(Courtesy of Google)

If you use Google's Gmail app, you may have seen something new pop up on your screen this week: suggested responses for your emails.

The move illustrates one way that Google is using its increased focus on artificial intelligence and machine learning. If you're wondering why and how Google can make these suggestions, here are some answers about the feature and how it works.

What’s going on?

Google calls the feature Smart Reply, and it’s pretty much what it sounds like. Google algorithms are scanning your messages and using the information it gleans to suggest ways that you could reply to any given message.

The feature is based off an idea from Gmail engineer Bálint Miklós, Google said in a 2015 blog post. Miklós asked the Google Research team if there was any way to create some tappable template replies in Gmail. There are, after all, plenty of emails to which one could respond with just a “Got it,” “Thanks,” or “See you soon!” Having some pre-made responses at one’s fingertips would save everyone a little more time, Miklós thought.

Why am I seeing this now?

Google users have had access to this feature since 2015, but only in Google’s smaller and more experimental Inbox app. And the suggestions offered by the feature have been getting steadily more advanced as it’s learned from the decisions of more customers. Based on that success, Google has decided it was ready for more general use.

How does it work?

Smart Reply relies on machine learning to scan the subject line and body of an email and make suggestions based on what it sees. The company said it has built up a huge bank of anonymized customer messages and response decisions to help accomplish this.

It is also designed to remember your individual preferences for things, such as punctuation. So it will be able to adjust its suggestions depending on whether you're a “Thanks!” or “Thanks.” type of person.

Smart Replies won't appear on every email though, Google said. You're most likely to see response suggestions on emails that can be easily answered with a simple sentence or two.

So ... is someone at Google reading my email?

There is no person at Google reading your email, according to Google. Even when research scientists were building the feature and trying to suss out which responses matched which messages, they designed their testing to make sure that no person ever read a Gmail user’s email.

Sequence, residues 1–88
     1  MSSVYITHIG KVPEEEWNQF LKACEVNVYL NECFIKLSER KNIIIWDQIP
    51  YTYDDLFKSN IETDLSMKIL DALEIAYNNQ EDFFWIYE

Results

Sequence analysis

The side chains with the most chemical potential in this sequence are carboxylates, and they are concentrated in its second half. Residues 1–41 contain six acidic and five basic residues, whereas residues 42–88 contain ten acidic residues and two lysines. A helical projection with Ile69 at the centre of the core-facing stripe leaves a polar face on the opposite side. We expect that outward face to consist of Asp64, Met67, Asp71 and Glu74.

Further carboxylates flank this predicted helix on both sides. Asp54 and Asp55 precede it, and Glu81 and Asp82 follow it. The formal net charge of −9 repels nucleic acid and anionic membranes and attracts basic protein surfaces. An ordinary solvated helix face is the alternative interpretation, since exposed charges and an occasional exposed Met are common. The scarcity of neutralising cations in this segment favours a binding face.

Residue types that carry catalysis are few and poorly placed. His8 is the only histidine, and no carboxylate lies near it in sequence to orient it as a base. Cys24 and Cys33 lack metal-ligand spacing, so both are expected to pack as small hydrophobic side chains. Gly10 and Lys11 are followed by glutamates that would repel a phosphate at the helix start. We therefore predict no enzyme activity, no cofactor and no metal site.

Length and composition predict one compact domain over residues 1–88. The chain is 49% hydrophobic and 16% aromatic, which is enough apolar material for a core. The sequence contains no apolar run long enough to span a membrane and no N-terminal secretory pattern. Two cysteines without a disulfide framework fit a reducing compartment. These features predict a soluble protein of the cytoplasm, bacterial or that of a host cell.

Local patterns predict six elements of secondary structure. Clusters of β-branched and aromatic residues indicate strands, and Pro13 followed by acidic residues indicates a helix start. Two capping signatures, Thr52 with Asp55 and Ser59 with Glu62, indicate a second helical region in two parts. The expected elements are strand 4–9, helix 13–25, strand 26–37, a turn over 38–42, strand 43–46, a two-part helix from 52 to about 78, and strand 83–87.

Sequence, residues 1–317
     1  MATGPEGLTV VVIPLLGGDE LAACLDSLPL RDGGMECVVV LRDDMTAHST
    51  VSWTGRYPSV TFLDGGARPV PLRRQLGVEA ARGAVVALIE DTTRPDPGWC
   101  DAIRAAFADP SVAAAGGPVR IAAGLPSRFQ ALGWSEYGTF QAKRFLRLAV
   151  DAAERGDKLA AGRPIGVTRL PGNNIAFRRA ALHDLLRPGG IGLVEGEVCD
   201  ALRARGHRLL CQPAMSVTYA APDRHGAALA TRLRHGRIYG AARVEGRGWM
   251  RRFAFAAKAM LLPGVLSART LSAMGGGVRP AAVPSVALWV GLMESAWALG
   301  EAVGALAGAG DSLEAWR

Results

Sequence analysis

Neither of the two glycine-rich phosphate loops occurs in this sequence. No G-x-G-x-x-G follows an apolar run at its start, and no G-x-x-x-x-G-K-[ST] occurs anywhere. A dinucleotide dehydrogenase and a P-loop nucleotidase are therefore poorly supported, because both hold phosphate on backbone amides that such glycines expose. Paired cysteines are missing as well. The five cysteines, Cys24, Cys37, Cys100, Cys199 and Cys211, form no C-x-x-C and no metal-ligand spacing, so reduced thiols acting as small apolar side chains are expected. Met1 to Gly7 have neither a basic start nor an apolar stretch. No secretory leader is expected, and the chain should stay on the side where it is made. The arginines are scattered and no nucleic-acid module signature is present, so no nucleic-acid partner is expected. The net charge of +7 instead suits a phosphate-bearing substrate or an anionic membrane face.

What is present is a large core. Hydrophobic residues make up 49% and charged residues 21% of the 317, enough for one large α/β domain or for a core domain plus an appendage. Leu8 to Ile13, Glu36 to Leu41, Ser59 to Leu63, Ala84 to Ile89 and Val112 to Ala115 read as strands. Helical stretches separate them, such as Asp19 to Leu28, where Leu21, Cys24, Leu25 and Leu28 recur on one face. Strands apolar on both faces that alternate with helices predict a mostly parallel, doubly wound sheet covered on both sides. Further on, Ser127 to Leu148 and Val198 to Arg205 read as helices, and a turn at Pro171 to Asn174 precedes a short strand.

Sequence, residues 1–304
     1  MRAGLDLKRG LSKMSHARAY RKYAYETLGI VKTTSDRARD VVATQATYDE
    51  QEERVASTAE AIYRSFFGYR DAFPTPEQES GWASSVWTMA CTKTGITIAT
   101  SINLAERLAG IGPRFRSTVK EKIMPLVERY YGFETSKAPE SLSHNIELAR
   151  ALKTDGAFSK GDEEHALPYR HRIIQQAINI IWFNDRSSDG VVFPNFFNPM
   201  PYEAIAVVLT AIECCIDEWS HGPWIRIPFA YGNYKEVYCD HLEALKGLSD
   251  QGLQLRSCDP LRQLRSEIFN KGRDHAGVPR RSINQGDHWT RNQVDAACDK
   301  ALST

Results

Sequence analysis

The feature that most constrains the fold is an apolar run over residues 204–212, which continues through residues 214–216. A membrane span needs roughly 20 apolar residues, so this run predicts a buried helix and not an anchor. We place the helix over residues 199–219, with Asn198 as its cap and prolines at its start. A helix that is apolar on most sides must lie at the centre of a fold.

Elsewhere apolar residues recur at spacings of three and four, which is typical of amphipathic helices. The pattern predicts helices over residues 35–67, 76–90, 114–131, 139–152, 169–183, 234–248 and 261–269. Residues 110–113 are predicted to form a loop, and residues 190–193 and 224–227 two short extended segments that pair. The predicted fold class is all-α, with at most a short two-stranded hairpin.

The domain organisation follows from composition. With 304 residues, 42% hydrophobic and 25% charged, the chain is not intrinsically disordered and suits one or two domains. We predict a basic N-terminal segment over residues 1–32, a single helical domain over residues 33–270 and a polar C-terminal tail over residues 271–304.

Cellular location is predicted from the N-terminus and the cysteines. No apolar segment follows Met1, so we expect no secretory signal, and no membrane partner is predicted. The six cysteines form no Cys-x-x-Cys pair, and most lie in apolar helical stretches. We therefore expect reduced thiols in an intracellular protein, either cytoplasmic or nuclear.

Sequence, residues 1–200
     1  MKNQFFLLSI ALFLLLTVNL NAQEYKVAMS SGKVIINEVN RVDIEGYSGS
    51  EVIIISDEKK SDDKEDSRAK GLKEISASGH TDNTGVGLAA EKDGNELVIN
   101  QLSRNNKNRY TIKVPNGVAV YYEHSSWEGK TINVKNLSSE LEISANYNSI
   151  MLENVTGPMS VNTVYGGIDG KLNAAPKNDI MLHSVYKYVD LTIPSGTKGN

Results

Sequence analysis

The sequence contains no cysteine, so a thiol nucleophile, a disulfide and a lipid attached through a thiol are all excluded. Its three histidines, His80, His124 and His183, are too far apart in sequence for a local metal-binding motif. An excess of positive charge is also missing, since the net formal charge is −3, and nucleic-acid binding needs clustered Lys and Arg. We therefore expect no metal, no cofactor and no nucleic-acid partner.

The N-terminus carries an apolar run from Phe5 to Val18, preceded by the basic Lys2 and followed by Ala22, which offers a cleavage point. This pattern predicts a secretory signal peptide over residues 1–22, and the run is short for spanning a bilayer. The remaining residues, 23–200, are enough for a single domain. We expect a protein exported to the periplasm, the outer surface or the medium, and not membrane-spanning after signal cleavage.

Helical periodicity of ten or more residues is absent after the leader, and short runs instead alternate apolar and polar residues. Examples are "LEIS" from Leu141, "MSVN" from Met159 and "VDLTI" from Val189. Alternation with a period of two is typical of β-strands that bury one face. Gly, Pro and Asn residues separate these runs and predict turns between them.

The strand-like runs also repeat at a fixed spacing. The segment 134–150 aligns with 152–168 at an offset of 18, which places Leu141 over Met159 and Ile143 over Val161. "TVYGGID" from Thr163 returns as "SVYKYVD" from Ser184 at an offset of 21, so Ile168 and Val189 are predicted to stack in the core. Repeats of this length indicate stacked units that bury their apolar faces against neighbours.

But it does mean that Google's software is scanning your messages, much in the same way that its spell-checkers and spam filters do right now. Google anonymizes all the data from these tools, but the fact that your messages are being scanned is still worth noting.

Can I turn if off?

Yes. You are able to turn off Smart Reply through your settings menu.

How well does it work?

Smart Reply suggestions have been getting steadily better as the feature has matured and learned from users’ decisions. But it’s still not perfect. Language, after all, is a complicated thing. Google researchers Brian Strope and Ray Kurzweil wrote about how difficult it is to parse the sentence, “That interesting person at the cafe we like gave me a glance,” in a blog post this week.

“In proposing an appropriate response to this message we might consider the meaning of the word “glance,” which is potentially ambiguous. Was it a positive gesture? In that case, we might respond, “Cool!” Or was it a negative gesture? If so, does the subject say anything about how the writer felt about the negative exchange? A lot of information about the world, and an ability to make reasoned judgments, are needed to make subtle distinctions.”

Plus, our emails, particularly from mobile devices, tend to be riddled with idioms that make no actual sense. Things change depending on context: Something “wicked” could be good or very bad, for example. Not to mention, sarcasm is a thing.

Which is all to warn you that you may still get a wildly random and even potentially inappropriate suggestion — I once got an “Oh no!” suggestion to a friend’s self-deprecating pregnancy announcement, for example.

If the email only calls for a one- or two-sentence response, you’ll probably find Smart Reply useful. If it requires any nuance, though, it’s still best to use your own human judgment.